Probiotics can alleviate symptoms of acute respiratory tract infections.
Probiotics have long been credited for providing plenty of health benefits. Indeed, there is very little that goes on within the body that isn’t affected in some positive way by probiotics, otherwise termed the beneficial bacteria that reside in our gut.
However, a recent randomised, double-blind, placebo-controlled, prospective, multicentre study looking specifically at the COVID-19 virus, found that use of probiotics alleviated acute and post-disease symptoms. The probiotics also uprated the body’s antigen response, hopefully making re-infection less likely.
The trial was carried out on a total of 117 asymptomatic patients aged 18-65 years, without risk of severe disease and all showing a positive COVID-19 antigen test. Various probiotic strains of Lactobacillus and Bifidobacterium were used at a relatively low level of 5 billion CFU daily in capsule form. The COVID-19 group also reported less anxiety and fatigue, following the infection, both common post viral symptoms.
Research on probiotics is constantly evolving as more and more health benefits are discovered, especially when used in supplement form. However, probiotics are found in many different foods including natural yoghurt and fermented foods such as miso, tempeh, natto, kombucha, kefir and sauerkraut.
New study finds Omega-3 fats help muscle recovery after exercise.
Exercise-induced muscle damage (EIMD) is common and normal after various types of exercise. Indeed, it’s the process of breaking down and repair that helps build muscle and makes them stronger.
Researchers from Baylor University in the US, used both eicosapentaenoic (EPA) and docosahexaenoic (DHA) fatty acids in the trial and were hoping to establish which one had the most beneficial effects. Quicker muscle recovery, less soreness and loss of muscle function are important to mitigate in various sporting and military contexts.
However, whilst benefits to muscle recovery were observed, which is positive, the scientists were unable to establish which of the Omega 3 fatty acids had the most effect. They did conclude that EPA may have more benefits in sports such as track, swimming and recreation sports, and DHA would have benefits in those sports with potential for head trauma such as rugby and football. This is because DHA is naturally richer in the brain.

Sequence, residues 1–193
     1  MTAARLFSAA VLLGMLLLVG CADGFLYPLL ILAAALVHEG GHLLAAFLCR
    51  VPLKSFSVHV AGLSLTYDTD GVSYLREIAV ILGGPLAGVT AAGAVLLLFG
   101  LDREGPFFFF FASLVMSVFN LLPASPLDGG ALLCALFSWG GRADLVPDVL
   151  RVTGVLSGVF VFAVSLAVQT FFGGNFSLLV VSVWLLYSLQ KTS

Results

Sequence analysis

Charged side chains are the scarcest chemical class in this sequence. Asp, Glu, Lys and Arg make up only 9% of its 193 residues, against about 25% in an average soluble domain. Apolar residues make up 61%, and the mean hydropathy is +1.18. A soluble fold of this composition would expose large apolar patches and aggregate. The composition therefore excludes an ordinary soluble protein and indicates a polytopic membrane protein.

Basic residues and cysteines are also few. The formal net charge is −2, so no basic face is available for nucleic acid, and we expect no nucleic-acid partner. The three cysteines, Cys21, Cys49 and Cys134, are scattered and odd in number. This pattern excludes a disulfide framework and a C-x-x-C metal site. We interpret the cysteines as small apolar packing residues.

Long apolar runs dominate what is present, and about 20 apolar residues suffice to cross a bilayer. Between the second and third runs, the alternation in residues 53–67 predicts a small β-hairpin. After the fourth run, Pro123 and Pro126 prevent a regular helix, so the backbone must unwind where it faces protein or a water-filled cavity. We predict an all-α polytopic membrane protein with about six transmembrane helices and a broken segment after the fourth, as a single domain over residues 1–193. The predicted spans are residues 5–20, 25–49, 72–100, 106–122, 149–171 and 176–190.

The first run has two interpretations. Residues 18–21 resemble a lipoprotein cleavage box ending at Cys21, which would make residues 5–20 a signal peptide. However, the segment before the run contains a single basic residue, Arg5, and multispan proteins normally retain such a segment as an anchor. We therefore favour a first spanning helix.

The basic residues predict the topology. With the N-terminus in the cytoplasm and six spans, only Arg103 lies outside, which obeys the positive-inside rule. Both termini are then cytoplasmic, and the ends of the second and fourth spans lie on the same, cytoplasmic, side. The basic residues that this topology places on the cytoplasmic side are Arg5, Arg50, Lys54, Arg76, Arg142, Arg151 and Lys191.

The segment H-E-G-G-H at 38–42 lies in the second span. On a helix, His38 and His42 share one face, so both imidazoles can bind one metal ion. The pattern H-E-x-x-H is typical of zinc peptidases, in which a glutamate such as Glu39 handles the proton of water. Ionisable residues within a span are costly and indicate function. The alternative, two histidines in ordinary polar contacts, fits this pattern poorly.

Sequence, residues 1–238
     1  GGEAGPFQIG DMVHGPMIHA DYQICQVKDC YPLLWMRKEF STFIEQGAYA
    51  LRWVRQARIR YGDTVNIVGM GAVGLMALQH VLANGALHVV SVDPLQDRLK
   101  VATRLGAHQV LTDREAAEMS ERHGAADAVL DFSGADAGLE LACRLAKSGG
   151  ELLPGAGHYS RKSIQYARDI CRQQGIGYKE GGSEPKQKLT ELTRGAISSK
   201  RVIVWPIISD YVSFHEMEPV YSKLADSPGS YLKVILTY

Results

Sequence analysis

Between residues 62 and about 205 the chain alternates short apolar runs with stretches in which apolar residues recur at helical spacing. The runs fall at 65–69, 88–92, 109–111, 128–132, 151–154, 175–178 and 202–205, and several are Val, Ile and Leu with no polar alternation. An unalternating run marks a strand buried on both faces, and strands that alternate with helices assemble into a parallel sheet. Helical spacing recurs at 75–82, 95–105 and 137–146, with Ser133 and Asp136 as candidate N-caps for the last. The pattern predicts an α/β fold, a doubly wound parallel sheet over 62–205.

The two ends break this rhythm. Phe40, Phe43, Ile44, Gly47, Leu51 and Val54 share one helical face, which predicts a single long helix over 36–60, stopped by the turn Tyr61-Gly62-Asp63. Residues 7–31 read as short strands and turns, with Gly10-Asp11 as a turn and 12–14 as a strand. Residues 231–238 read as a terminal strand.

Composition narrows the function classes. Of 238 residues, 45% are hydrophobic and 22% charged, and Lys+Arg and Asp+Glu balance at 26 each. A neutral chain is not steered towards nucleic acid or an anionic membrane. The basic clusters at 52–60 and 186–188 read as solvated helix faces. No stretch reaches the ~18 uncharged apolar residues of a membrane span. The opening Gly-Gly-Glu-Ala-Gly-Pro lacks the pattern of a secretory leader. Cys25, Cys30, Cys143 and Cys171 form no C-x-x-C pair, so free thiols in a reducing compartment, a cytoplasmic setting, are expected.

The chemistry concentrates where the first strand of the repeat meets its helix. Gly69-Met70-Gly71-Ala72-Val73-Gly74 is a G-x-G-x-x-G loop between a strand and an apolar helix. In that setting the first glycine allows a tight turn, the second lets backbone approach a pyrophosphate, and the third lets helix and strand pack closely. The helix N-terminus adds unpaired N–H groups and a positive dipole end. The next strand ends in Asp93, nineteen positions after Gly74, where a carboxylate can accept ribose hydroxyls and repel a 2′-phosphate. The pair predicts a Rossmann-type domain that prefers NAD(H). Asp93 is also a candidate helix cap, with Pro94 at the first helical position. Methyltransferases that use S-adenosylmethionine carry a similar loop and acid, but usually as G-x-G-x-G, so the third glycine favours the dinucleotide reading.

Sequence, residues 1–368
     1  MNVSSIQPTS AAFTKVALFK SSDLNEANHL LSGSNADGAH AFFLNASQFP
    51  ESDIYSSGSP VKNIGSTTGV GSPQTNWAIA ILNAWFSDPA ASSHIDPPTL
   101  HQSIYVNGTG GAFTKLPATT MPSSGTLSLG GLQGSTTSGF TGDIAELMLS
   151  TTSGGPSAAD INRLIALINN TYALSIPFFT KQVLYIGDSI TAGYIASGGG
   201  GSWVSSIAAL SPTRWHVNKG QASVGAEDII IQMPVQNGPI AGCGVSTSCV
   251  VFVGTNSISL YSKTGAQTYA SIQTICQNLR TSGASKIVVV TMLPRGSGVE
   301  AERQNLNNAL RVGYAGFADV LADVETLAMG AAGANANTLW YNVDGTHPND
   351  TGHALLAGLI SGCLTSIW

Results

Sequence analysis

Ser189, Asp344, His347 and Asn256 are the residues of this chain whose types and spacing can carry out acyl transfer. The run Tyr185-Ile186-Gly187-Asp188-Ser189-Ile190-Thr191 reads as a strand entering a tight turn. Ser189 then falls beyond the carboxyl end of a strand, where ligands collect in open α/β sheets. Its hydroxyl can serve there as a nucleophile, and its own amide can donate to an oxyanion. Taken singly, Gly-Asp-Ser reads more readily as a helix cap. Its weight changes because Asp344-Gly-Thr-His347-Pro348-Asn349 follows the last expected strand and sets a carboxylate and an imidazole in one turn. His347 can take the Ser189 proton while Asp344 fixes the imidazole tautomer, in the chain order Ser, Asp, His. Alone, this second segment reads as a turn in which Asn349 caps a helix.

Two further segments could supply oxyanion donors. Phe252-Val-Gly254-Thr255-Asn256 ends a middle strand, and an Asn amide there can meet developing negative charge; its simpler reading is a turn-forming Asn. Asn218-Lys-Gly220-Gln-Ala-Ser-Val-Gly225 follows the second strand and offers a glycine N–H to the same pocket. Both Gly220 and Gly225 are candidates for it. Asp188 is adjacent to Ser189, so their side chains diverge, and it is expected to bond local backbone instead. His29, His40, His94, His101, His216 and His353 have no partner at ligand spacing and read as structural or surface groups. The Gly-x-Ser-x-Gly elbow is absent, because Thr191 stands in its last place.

The 30 male participants were given 4 grams of either combined DHA and EPA, just EPA or DHA or a placebo containing coconut oil. Positive effects were noted on key inflammatory markers (except in the placebo) group, and longer trials, perhaps using different exercise techniques, might be advisable for future trials.
Long chain fatty acids provide many health benefits, mainly due to their ability to manage natural inflammatory response.
Soy consumption reduces risk of cardiovascular disease and Type 2 diabetes.
Soy produce is naturally high in isoflavones, beneficial polyunsaturated fats and protein: all great benefits specifically for women going through the menopause years. However, these health benefits would also suit the wider population.
In a recent review and meta-analysis of 29 studies, published in Nutrients, involving around 1.6 million participants, researchers found a positive correlation in cases of cardiovascular disease and type 2 diabetes. The review looked at studies using both men and women providing similar results. However, it was noted that soy produce did not have any effect on male testosterone or oestrogen levels.
The most beneficial foods seemed to be tofu and natto with much less benefit attributed to miso and soy milk.
This research may help instigate further such reviews, analyses and trials which could have wider benefits to the entire population. However, women become much more at risk of cardiovascular events and type 2 diabetes during and post menopause.
 Pavlo O Kolesnyk et al. The role of nutritional support with probiotics in outpatients with symptomatic acute respiratory tract infections: a multicenter, randomised, double-blind, placebo-controlled dietary study. BMC Nutr. 2024 Jan 4, 10(1):4
 Jeffery L Heileson et al. Long-chain omega-3 fatty acid supplementation and exercise-induced muscle damage: EPA or DHA? Medicine & Science in Sports & Exercise.
 Xinrong Zuo et al. Soy consumption and the risk of type 2 diabetes and cardiovascular diseases: A systematic review and meta-analysis. Nutrients 2023 Mar, 15(6):1358